I’ve been working on the fourth edition of Visual Methodologies on and off since January, squeezing it in the gaps between way too many other projects. As a result, it’s rather hard to have an overview of the beast (also because I seem to find it impossible to delete any more than a few sentences and a handful of references from each new edition). But I’m now facing the final run-through of the whole thing, when of course it will be lovingly burnished into a seamless whole, cough cough.
So I thought it might be interesting to note down a few of the things that I have learnt so far in preparing this new edition. More may follow as I reread things I’ve forgotten that I’ve written. (Yes, yes, I know, I need a holiday.)
1) one big change (for me at least) is that I’ve added a fourth site to the framework that structures the book. Editions one, two and three were based on the idea that there are three sites at which the meaning/affects of images are made: the site of the production of the image, the image itself, and its audiencing. The fourth edition adds the site – or, better, routes – of an image’s circulation to that list. This was so discussion could focus on how different methods might approach the online platforms that now host and distribute so many images, and through which so much of social life is mediated and performed.
2) adding the site of circulation to the book also gives a framework for introducing debates about ‘convergence culture’ and whether it deals with questions of power adequately or not. It seems to me that one way that ‘power’ in a largely digital visual culture can be thought through is by asking about the ‘power geometries’ that structure its circulations: what sorts of patterns are there in those circulations and how to they structure certain forms of agency while mitigating against others? The Guardian’s recent report on the languages of the Internet is a great example of mapping those circulations to show their situatedness and partiality.
3) the book also now has two chapters, not one, about methods that deal with large numbers of images. The first remains content analysis, which now also includes a discussion of Lev Manovich’s cultural analytics. The second is a chapter on digital research methods, based on Richard Rogers’s definition in his book Digital Methods. Again, this seemed a necessary response to contemporary digital visual culture – how long can we go on looking at handfuls of images when everyday is mediated by thousands?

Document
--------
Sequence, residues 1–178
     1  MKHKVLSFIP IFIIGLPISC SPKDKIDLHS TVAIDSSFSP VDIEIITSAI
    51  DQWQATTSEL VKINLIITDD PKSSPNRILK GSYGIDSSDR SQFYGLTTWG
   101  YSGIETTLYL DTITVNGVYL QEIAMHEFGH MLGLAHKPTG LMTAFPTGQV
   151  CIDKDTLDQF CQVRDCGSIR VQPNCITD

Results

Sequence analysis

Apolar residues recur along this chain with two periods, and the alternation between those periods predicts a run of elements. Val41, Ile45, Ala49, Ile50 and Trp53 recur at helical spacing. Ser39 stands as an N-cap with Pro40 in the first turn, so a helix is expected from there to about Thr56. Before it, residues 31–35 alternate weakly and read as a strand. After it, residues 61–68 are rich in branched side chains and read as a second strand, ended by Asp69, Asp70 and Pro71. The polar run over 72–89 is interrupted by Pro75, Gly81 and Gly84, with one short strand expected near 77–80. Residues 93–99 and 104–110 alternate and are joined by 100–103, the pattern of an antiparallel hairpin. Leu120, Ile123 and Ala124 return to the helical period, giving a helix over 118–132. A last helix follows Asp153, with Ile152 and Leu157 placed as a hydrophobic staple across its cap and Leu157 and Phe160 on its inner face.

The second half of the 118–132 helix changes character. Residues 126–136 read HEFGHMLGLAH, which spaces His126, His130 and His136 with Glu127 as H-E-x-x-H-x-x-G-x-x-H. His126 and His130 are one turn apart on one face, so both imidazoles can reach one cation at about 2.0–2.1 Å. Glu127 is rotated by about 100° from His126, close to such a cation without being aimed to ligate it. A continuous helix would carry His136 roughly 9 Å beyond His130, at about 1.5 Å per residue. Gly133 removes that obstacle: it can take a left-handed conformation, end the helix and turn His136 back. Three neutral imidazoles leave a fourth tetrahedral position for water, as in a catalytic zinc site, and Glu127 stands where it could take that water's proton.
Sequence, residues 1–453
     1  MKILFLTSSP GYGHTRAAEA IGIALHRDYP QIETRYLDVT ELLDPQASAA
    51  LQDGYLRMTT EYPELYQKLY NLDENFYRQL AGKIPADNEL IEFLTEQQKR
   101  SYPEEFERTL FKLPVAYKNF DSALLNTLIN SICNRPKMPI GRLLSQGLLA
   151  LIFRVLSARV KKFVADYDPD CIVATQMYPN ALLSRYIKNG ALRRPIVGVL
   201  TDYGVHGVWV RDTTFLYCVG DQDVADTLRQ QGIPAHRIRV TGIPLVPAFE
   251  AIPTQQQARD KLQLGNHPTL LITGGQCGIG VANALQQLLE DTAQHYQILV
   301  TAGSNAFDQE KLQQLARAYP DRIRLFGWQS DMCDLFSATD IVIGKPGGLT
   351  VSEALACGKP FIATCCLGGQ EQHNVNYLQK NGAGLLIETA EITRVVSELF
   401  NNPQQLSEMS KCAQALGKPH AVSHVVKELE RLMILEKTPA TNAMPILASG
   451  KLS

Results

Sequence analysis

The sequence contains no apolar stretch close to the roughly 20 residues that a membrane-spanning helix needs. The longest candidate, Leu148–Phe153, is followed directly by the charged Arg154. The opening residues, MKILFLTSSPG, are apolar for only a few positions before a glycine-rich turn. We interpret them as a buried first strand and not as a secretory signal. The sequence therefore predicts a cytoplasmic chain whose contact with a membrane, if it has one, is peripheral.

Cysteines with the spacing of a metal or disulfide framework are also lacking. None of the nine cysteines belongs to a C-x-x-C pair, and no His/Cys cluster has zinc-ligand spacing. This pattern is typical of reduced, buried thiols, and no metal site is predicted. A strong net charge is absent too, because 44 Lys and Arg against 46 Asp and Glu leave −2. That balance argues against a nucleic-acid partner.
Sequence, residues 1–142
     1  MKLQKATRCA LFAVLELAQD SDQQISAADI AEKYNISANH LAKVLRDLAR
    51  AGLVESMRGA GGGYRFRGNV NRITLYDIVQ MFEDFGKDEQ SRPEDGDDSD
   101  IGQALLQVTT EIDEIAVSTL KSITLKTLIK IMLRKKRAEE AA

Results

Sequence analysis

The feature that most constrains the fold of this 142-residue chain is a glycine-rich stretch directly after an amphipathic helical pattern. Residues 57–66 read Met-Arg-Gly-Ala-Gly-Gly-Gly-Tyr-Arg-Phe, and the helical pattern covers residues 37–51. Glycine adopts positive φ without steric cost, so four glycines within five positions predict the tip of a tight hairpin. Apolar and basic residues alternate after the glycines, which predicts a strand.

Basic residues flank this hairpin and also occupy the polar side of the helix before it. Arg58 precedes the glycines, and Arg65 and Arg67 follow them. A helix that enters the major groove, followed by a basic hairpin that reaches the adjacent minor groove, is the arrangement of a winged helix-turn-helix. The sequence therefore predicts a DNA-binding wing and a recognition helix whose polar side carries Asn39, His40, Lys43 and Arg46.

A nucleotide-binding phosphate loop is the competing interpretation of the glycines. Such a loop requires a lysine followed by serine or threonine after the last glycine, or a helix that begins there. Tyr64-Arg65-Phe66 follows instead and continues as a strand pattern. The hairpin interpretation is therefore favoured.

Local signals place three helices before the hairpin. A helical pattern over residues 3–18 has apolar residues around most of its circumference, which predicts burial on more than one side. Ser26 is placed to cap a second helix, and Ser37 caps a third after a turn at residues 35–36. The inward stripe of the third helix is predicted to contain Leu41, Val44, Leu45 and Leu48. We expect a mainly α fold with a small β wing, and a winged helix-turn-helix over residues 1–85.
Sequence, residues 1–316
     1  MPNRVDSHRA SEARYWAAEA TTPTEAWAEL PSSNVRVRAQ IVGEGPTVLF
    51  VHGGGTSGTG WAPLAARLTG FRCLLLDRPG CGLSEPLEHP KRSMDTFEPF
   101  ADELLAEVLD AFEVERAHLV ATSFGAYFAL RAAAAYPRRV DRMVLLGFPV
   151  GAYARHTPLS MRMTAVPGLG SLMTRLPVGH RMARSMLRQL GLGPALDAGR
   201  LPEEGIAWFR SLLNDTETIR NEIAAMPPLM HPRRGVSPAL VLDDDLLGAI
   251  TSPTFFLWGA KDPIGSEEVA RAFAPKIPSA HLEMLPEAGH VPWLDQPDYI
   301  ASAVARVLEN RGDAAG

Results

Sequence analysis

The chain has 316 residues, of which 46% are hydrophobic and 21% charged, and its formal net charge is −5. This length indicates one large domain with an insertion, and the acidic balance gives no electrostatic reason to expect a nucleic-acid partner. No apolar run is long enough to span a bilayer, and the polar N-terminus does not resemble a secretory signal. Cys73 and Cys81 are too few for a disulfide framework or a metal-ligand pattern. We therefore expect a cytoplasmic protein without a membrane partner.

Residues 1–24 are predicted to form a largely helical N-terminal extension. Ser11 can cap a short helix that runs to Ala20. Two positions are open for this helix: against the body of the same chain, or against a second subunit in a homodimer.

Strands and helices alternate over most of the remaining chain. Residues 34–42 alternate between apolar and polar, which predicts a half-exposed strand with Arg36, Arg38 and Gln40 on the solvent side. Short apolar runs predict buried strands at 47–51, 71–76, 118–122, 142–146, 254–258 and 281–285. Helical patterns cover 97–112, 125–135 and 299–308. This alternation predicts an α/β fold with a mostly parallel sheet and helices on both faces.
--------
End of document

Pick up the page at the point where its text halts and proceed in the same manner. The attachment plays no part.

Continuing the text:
4) having said that, digital research methods don’t seem to work as tools for analysing the images carried by social networks – yet. It also seems very difficult to track the patterns of images’ digital circulations.
5) the whole data visualisation thing – so popular in newspapers and on coffee tables – doesn’t really seem to have hit the social sciences yet, either as an interesting thing to study or as a way of presenting data. (Though there are some exceptions to this, including lots of exciting mapping projects by geographers – yay GIS. I never ever thought I would be saying that, having been trained as an undergraduate to see GIS as the epitome of postivist, empiricist tech designed at the behest of the US military, but there you go.)
6) visual research methods people continue to swither between claiming photographs are useful because they carry loads of accurate information, and that they are useful because they evoke nameless affects beyond words. I can’t help thinking that there’s bit of a contradiction here, that somebody somewhere should really think through, particularly in the light of Johanna Drucker’s polemic against visually seductive data visualisations… on the other hand, as I argued in my Sociological Review essay, perhaps this indecision doesn’t really matter – images do all sorts of things in contemporary visual culture, including the small corner of it constituted by visual research methods, so I probably really shouldn’t expect consistency.
7) I am still not sure about keeping the chapter on psychoanalysis in the book. While many social researchers remain interested in psychoanalysis (see the recent collection Psychoanalytic Geographies, for example), it no longer has anywhere near the sway that it had in film studies scholarship twenty years ago, I think. So it seems to have lost some relevance as a method of analysis. On the other hand, it’s the only chapter in the book that systematically pursues feminist insights, and a version of Mulvey’s male gaze actually seems central to the recent resurgence in popular feminism. Plus, why follow fashion. Any thoughts, dear readers?